Monday, 13 September 2010
Miracles, by definition are those phenomena that do not have natural explanations. The term supernatural is cast on them and they are generally attributed to the work of a deity or higher entity. When these are scrutinized and perhaps explained in a natural way, they cease to be miracles and become natural. Eclipses were once considered miraculous but it is common knowledge today as to what causes them naturally. Similarly, miraculous healing, when studied, almost always turns out to stem from natural causes such as the body's own healing processes, correlation over cause, observation bias, sampling error, etc. (Prayer has actually been shown to have a negative affect on people subjected to controlled and blinded medical trials rather than a positive affect. Funnily enough the people who knew they were being prayed for thought their ills must really be bad if people were praying for their health.) The placebo effect, which as I’m sure you know is a complex and multifaceted epiphenomenon, is generally an adequate reason given for the efficacy of both miracles and prayer. The application of Occam's Razor to any supernatural claims soon establishes the more likely cause for life or death in the face of an anomalous event.
Try this thought experiment. The first part goes like this. The most common form of a supposedly miraculous prayer success comes in medical form. Usually a heart-disease patient, or something like this, is prayed for and they are healed either partially or completely. The people praying for the person are convinced that it was the intercessory nature of their prayers that caused the healing. But what if the conventional medicine and doctors with decades of study and training had actually caused the healing through their treatments? Or what if the human body, a fascinatingly complex and largely un-fathomed organism, managed to heal the affliction all by itself, in much the same way as one heals from a bad cold or a wound on the arm? Or perhaps it was a convergence of both? Additionally, why doesn't the prayer work on everybody at every time, surely there are more prayers as worthy of intercession as those that are answered?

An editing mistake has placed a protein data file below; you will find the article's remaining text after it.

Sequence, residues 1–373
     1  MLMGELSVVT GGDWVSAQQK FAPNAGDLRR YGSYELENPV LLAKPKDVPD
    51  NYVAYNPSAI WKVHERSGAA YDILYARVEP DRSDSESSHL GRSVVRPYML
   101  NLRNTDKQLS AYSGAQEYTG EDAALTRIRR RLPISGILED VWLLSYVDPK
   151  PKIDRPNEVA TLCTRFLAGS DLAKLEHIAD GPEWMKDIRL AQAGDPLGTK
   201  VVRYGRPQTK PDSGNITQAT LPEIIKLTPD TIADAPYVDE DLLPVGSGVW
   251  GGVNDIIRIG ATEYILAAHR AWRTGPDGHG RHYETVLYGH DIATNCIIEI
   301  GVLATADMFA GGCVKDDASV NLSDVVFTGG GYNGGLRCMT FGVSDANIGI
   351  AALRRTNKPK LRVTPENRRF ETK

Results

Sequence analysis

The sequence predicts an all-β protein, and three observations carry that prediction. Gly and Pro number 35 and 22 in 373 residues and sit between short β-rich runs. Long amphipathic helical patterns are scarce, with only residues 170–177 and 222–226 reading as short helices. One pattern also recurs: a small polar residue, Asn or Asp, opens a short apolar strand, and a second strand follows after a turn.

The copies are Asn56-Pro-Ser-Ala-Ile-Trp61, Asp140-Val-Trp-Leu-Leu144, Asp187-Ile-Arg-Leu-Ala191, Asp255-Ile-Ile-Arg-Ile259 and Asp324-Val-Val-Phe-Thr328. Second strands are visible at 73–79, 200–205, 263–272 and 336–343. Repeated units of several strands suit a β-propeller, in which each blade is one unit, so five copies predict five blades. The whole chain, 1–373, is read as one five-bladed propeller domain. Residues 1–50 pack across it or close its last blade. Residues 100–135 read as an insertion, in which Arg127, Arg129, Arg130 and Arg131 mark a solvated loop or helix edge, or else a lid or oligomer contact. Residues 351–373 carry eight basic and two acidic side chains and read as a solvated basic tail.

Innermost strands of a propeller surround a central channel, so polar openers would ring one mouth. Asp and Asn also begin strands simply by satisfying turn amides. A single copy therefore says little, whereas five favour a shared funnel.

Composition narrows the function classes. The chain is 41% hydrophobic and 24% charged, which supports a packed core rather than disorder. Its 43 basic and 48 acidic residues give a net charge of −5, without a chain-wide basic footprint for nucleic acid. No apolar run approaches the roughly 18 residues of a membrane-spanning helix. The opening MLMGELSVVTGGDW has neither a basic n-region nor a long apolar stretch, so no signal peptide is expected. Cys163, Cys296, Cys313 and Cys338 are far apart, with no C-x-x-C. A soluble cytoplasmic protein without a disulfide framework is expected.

One simply needs to ask, why would an omnipotent being reach down and heal one person of a sickness that statistically they had a chance of surviving naturally or at least partially from?
The second part goes this way. If there is to be even the beginnings of proof for miracles and the efficacy of prayer then there must be an unambiguous event, one that no-one of right mind could disregard (a 'super-miracle' as Richard Swinburne says). I propose (and I am not the first to do so) that the immediate or gradual re-growth of an amputated limb would suffice to cover such a super-miracle. Such a clear example of a miracle would lend heavy weight to their existence. Why hasn't this ever been observed? I would like to suggest that it is because such an event is absurd and physically impossible; unlike the "miraculous" curing of cancers or other malicious diseases. Healing of such things probably occurs at about the same rate among believers of a certain religion as it does with those adherents of another, those belonging to no religious demographic.
However, I jump the gun a bit here. If such a miraculous event as the re-growth of a limb were to occur then surely there must be some natural process in which the environment allowed it to do so. This is where a scientific assessment would begin to research. If there is found such a natural process then bam! the miracle is suddenly moved from supernatural to natural again. No god or deity needed after all. So unfortunately it is extremely difficult to think of an event in which a miracle is the best explanation. It is even more difficult to attribute a miracle to one particular deity or another. If you do indeed observe a miracle occurring as suggested above, then how are you to know which god performed it? This is not a trivial question as each believer thinks the do indeed know the "truth" about god and that their god is capable of performing miracles.